Driver Screening and Evaluation Program
Volume III: Guidelines for Motor Vehicle Administrators
Functional Abilities Addressed
in Pilot Driver Screening
The particular functional changes at the center of identification and assessment programs now
undergoing pilot testing in the U.S. and abroad can be listed and briefly described as follows.
- Reduced visual acuity -- pertains to the aspect of vision that is used to resolve fine detail;
used to see roadway targets that have high brightness or color contrast with the surrounding
background area, and which have sharply defined edges, such as letters on road signs.
- Reduced visual contrast sensitivity -- pertains to the aspect of vision that is used to see
targets that do not differ greatly in brightness or color from the surrounding back-ground area
and that may have "fuzzy" or ill-defined edges, such as the edge of the road where there is
a worn/faded or missing edge stripe and the color of the shoulder is similar to the paved
- Increased susceptibility to glare/slower glare recovery -- pertains to stray light entering the
eye that masks or interferes with focal vision, and the length of time after exposure to the
disabling effects of glare that roadway targets can be seen as well as before the glare was
introduced; this commonly results at night from oncoming headlights or headlights viewed
in rearview mirrors, but sun glare can produce similar problems during daytime driving.
- Reduced sensitivity to changes in angular size and motion -- pertains to judgments about how
far away an object is and how fast it is moving--for example, a car approaching as you wait
to turn left at an intersection; the accuracy of such judgments depends upon how quickly and
accurately a person's brain can interpret changes in the size of the image that is formed on
the retina at the back of the eye when his/her gaze is focused on a distant object.
- Poorer visual "pattern perception"/visualization of missing information -- pertains to an
ability to extrapolate from the visual elements in a scene to "construct" a whole image from
only partial information, as may be required to recognize a sign or other traffic control
device, or to appreciate the safety threat represented by a vehicle or pedestrian that is
partially obstructed (e.g., by a building or parked car) at the side of the road, but about to
move into the driver's path.
- Less efficient visual search -- pertains to the speed with which a person can direct his/her
gaze from one location to another where experience dictates that information important to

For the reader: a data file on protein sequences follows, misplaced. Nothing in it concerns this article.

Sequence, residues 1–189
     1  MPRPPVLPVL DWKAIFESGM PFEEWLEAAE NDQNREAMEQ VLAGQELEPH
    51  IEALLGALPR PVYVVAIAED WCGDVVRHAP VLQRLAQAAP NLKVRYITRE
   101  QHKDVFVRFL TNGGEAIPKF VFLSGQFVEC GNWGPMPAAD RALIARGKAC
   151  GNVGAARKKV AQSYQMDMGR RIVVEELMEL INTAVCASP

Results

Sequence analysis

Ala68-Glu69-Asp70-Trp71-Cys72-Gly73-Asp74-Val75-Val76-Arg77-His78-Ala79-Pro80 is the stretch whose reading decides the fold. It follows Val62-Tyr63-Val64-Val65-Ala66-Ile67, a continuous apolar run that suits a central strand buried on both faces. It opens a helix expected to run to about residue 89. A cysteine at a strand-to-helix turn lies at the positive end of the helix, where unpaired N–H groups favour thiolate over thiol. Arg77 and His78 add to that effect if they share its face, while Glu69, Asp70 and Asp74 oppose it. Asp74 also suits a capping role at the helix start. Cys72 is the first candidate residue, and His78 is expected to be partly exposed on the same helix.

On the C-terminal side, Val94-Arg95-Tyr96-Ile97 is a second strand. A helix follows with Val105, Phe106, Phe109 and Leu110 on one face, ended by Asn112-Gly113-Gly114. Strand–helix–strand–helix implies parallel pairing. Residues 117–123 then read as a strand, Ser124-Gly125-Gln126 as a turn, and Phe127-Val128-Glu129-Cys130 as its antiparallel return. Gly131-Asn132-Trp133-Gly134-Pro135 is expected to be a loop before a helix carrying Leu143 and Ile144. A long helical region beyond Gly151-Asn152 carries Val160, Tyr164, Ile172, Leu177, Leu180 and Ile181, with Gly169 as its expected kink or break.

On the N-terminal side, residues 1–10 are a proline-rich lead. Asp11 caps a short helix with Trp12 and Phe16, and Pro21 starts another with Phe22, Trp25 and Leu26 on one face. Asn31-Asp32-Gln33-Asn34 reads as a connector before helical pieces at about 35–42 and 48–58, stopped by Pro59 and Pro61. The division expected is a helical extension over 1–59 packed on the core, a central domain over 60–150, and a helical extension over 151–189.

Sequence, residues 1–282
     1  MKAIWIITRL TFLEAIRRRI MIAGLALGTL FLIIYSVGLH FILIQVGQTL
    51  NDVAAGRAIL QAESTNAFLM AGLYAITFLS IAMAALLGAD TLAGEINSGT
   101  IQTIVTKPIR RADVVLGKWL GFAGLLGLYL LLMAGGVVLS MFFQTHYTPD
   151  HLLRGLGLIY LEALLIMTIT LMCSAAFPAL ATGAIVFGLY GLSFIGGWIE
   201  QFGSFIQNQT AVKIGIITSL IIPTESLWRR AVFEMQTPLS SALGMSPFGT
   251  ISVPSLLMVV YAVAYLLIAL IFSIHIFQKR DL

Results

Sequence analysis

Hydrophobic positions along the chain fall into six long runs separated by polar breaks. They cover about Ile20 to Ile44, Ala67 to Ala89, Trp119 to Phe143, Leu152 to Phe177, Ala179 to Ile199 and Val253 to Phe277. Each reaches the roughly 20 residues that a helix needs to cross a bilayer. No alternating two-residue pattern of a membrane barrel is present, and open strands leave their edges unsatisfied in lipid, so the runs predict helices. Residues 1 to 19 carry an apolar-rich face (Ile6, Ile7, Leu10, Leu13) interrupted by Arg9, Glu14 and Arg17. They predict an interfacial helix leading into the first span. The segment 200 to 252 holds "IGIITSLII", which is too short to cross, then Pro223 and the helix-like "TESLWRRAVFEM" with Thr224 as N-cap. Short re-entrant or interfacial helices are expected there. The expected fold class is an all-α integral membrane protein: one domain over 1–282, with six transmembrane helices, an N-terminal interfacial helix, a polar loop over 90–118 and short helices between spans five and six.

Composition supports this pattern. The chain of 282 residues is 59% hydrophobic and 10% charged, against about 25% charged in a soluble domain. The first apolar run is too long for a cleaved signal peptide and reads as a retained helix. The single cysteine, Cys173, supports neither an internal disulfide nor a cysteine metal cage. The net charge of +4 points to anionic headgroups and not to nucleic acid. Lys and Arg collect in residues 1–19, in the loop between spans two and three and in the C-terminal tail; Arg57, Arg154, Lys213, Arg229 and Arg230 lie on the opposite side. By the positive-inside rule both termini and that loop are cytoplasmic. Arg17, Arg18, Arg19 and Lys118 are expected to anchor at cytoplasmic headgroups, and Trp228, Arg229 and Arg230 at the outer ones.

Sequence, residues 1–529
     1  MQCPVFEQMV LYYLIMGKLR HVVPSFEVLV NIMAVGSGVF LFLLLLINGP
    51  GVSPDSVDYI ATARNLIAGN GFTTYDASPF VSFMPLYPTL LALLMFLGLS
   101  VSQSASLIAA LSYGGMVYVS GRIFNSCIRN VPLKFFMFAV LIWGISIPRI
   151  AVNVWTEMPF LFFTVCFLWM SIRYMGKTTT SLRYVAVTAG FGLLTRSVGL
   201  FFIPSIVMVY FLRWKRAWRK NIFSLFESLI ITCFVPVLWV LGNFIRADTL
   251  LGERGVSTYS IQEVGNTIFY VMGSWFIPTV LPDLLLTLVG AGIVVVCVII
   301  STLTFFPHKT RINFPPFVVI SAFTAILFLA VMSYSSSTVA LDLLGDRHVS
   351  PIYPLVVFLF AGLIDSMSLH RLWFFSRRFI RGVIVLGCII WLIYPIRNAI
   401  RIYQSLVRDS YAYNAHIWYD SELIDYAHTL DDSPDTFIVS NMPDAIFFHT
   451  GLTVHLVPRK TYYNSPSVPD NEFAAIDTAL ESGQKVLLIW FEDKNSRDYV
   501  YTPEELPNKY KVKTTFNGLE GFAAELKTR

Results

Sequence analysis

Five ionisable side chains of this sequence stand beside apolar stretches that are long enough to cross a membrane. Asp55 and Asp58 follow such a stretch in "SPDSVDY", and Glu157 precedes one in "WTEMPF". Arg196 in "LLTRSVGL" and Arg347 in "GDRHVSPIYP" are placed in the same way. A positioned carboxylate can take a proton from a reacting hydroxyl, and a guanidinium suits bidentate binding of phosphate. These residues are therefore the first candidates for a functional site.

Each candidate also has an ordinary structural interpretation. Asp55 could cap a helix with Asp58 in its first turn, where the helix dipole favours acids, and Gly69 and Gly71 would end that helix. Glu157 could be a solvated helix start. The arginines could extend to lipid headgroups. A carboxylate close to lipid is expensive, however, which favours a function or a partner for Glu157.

the task at hand will be found, as when a driver scans the roadway scene ahead to look for
a sign, landmark, or other directional information.
- Reduced area of visual attention -- pertains to that portion of the overall visual field where
a person not only is capable of seeing an object, but also is likely to pay attention to it, and
recognize and respond to the object in a brief enough time to avoid a crash if it is a traffic
hazard; the risk of colliding with vehicles, pedestrians, and cyclists entering from the side
of the road or at an intersection increases significantly as the area of visual attention shrinks.
- Impaired selective attention ability -- pertains to the ability--on a continuing basis--to filter
out the less important events and information while driving and "home in" on just those few
things that are most safety-critical at each instant; though not done on a conscious level, this
is absolutely necessary for the anticipation of and effective response to hazards, so that an
avoidable conflict does not become an emergency.
- Less efficient divided attention/slower attention switching -- pertains to the ability to monitor
and respond effectively to multiple sources of information at the same time; for example, a
driver entering a freeway must track the curvature of the ramp and steer appropriately, keep
a safe distance behind the car ahead, and check for gaps in traffic on the highway, while at
the same time accelerating just enough to permit a smooth entry into the traffic stream.
- Less efficient working memory processes -- pertains to a driver's ability to think about and recall
information while driving that will be needed at a later time, without any lapses in safely
controlling his/her vehicle; for example, being able to remember and apply a simple set of
navigational instructions memorized before a journey while driving in heavy traffic.
- Loss of limb strength, flexibility, sensitivity, and/or range of motion -- pertains to quickly
shifting (the right foot) from accelerator to brake when the situation demands, and applying
correct pressure for appropriate speed control; also, these physical abilities are needed (for
arm movements) to safely maneuver the car around obstacles.
- Reduced ability to rotate head/neck -- pertains to a driver's physical ability to orient his/her
gaze in each direction from which a vehicle conflict may occur in a given situation; this
includes the familiar "left-right-left" check before crossing an intersection, as well as looking
over one's shoulder before merging with traffic or changing lanes.